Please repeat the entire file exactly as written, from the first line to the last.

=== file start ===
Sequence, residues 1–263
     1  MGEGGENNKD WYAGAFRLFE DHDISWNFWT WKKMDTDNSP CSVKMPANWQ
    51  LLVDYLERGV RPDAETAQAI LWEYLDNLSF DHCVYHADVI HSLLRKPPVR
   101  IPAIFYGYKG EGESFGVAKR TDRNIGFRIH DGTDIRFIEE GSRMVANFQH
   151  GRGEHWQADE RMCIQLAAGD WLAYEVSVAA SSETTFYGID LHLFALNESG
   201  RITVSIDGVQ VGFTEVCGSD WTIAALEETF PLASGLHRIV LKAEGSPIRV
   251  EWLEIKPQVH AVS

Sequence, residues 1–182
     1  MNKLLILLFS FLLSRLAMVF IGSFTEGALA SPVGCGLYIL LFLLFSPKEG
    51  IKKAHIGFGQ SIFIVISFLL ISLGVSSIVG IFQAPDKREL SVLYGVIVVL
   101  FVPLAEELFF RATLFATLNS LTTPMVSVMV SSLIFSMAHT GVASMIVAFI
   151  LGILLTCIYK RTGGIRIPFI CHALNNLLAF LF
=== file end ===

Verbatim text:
Sequence, residues 1–263
     1  MGEGGENNKD WYAGAFRLFE DHDISWNFWT WKKMDTDNSP CSVKMPANWQ
    51  LLVDYLERGV RPDAETAQAI LWEYLDNLSF DHCVYHADVI HSLLRKPPVR
   101  IPAIFYGYKG EGESFGVAKR TDRNIGFRIH DGTDIRFIEE GSRMVANFQH
   151  GRGEHWQADE RMCIQLAAGD WLAYEVSVAA SSETTFYGID LHLFALNESG
   201  RITVSIDGVQ VGFTEVCGSD WTIAALEETF PLASGLHRIV LKAEGSPIRV
   251  EWLEIKPQVH AVS

Sequence, residues 1–182
     1  MNKLLILLFS FLLSRLAMVF IGSFTEGALA SPVGCGLYIL LFLLFSPKEG
    51  IKKAHIGFGQ SIFIVISFLL ISLGVSSIVG IFQAPDKREL SVLYGVIVVL
   101  FVPLAEELFF RATLFATLNS LTTPMVSVMV SSLIFSMAHT GVASMIVAFI
   151  LGILLTCIYK RTGGIRIPFI CHALNNLLAF LF